I haven’t been a Habs fan for very long. Once, way back when, I wasn’t really a sports fan at all. I might tune in to the odd championship game and cheer for the home team, but I couldn’t name more than a couple of players, if any.
I never saw Rocket Richard play. Or Jean Béliveau. Or Guy Lafleur. And I think I saw Patrick Roy play once, in that Stanley Cup-winning game in 1993. Really, my affection for the team grew out of necessity. As a copy editor, I was assigned to the sports desk at the Gazette, and I would read everything there is about the team. Now I watch all the games and know all the names of the players.
In my short time as a devout fan, I’ve never been ashamed of that fact. Not after missing the playoffs because of a loss to the Leafs. Not during many slumps. Not when fans would sing “na na na na hey hey hey goodbye” during Game 2, or would so overwhelm other teams’ stadiums you’d think they were playing a home game.
Last night was different. Though the news networks and politicians are stressing until their faces turn blue that last night’s riot wasn’t caused by “real Habs fans” (how do they know?), the images shown to the world speak for themselves.
9:30pm: Though I’m supposed to be working, a little more than half my attention is on the game while the puck is moving. The Habs are running away with this game, but I want to see its final moments.
10:30pm: The paper is sent off for its first edition, and I pack up to head for home. I figure I’ll take some photos of the crowd celebrating before hopping on the metro.
10:59pm: Though the streets are littered with garbage (most of it flyers from one organization), Habs fans are celebrating, singing, waving their flags.
11:07pm: The hooliganism begins, as fans rush to topple this truck. It doesn’t occur to them that there are other fans on the other side who would get crushed to death if they succeeded. They’re immediately stormed by riot police.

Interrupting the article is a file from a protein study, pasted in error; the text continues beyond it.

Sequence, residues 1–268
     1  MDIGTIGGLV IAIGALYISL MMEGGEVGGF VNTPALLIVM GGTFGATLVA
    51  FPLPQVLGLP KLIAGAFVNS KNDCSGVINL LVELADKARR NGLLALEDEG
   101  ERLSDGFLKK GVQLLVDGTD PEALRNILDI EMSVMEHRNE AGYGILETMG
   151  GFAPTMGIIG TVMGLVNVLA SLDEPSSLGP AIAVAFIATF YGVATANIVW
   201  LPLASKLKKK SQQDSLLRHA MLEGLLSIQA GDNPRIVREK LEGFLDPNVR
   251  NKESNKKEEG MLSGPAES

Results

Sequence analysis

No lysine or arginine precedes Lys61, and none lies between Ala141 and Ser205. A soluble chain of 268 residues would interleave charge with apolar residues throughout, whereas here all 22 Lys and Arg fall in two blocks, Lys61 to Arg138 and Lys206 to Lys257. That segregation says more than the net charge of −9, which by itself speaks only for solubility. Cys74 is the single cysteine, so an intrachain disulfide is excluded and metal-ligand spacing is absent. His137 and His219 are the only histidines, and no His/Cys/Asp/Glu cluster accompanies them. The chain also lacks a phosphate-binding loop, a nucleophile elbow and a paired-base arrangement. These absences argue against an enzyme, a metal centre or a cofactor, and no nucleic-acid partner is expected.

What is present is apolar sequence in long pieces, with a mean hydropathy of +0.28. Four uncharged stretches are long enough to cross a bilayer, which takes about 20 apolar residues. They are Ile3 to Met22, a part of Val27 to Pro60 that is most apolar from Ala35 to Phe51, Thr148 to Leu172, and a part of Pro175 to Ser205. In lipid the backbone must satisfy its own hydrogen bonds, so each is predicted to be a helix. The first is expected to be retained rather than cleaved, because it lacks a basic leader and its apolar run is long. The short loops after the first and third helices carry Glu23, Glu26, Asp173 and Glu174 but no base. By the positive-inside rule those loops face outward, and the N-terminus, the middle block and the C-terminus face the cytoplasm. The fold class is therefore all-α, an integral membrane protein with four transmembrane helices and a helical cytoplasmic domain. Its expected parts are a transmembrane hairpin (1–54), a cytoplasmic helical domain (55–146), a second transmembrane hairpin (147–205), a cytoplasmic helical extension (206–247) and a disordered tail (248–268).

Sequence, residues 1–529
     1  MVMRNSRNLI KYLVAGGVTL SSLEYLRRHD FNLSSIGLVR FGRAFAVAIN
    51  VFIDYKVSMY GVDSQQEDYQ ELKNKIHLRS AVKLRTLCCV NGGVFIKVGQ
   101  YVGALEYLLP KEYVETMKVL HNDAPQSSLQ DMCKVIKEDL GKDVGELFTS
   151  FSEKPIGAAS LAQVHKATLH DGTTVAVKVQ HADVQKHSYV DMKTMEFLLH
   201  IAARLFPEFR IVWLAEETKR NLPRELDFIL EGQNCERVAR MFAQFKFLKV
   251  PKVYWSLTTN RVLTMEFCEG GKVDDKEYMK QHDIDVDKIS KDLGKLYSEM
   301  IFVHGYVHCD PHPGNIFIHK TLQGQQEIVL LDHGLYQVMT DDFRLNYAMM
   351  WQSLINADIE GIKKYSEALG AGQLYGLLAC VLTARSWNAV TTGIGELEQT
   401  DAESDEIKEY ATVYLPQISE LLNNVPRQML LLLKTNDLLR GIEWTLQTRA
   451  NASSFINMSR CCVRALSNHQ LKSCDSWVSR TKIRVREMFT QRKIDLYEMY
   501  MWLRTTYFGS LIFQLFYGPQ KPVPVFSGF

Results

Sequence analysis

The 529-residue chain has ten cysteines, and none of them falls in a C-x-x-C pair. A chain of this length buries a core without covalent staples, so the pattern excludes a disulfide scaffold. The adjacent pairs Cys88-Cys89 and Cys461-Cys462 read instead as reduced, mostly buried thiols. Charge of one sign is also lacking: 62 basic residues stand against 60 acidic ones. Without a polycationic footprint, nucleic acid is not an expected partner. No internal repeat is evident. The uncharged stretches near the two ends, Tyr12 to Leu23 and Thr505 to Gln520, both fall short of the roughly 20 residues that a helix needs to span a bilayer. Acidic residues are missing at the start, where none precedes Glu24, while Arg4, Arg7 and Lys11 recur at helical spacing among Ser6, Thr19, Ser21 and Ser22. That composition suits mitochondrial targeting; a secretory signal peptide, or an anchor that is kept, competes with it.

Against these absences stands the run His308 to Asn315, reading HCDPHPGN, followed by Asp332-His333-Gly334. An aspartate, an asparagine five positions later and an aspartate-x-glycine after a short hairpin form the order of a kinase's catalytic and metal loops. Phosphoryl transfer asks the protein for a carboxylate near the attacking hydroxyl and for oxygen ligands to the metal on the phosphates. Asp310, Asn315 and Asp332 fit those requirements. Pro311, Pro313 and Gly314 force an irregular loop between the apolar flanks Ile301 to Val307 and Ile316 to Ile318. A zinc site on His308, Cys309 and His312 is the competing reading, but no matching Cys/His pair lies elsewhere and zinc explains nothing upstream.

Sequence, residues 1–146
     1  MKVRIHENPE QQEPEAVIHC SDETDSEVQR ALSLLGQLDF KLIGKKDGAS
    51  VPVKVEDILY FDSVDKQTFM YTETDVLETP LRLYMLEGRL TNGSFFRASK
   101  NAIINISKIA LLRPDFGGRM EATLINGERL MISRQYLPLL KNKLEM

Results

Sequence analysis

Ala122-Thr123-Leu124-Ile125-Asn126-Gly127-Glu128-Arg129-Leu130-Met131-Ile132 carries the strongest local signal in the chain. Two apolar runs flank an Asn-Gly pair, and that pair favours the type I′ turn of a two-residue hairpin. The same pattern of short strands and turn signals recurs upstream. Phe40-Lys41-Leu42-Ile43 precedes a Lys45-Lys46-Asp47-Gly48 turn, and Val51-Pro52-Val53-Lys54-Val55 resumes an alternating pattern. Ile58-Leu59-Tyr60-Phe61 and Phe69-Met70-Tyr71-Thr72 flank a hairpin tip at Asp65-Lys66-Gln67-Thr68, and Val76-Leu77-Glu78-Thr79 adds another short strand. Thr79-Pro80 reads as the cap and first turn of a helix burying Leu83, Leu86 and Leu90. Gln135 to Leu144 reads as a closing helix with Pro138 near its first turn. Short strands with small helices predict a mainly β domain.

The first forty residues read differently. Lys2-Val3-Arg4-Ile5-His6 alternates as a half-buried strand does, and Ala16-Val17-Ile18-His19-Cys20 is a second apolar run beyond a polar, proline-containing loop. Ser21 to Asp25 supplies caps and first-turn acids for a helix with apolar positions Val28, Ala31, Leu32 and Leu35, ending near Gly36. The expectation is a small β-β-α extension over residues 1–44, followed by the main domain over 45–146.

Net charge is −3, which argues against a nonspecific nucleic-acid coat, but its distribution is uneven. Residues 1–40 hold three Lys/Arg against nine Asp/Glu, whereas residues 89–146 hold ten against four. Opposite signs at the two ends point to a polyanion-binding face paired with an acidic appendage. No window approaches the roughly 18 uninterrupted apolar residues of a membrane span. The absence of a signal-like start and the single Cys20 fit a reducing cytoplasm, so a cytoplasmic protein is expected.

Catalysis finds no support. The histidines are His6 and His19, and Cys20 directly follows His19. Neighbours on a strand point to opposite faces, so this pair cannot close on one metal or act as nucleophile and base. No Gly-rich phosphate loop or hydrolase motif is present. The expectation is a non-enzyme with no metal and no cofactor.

11:14pm: Traffic can’t get through this part of downtown because of the sea of pedestrian traffic, but they don’t mind. They’re here to share in the celebration, using their vehicles in very hazardous ways.
11:21pm: Police use pepper spray for no discernable reason. Many unsuspecting passersby (including this intrepid young blogger) get a solid whiff of the irritating-for-irritating’s-sake stuff. It won’t be the last time I see smoke.
11:23pm: Riot police, who work by literally pushing people around, hustle innocent bystanders along with the unsavoury characters.
11:27pm: The riot cops form a wall from one building to another, so that nobody can go around. On orders from their commander, they’ll beat their batons against their shields and start running forward. It’s one of the scariest things you can see a police officer do in front of you.
11:28pm: Some idiot in a sports car burns rubber, filling Mountain and Ste. Catherine with smoke.
11:30pm: I don’t care how drunk you are. Taking riot cops on by yourself is stupid. No, they won’t suddenly realize your rights have been violated and apologize to you.
11:33pm: This car was unfortunate enough to be parked downtown last night. Now it needs a new windshield, a new door, a new side mirror and a new paint job. And it got off easy.
11:34pm: Seriously? You’re trying to wreck a garbage container?
11:36pm: This guy, clearly a Canadiens fan (but not a “real” one?) is trying to entice the retreating crowd into storming the riot cops. For some reason they’re not jumping at the idea.
11:39pm: Say goodbye to this car. You’re about to witness its destruction.
11:40pm: This guy tried to be the voice of reason, standing in front of the car and telling people not to destroy it. For his troubles he got a projectile to the back of the head. It might have been worse if a cameraman hadn’t hauled him out of there.
11:41pm: Will these two ever be prosecuted for their (should I say “alleged” here?) senseless destruction of property? Probably not.
11:47pm: This guy (carrying a Canadiens flag, but I’m sure he’s not a “real” fan, right?) thought he could set fire to this car with a lighter. He wouldn’t succeed, though later his friends would find a way.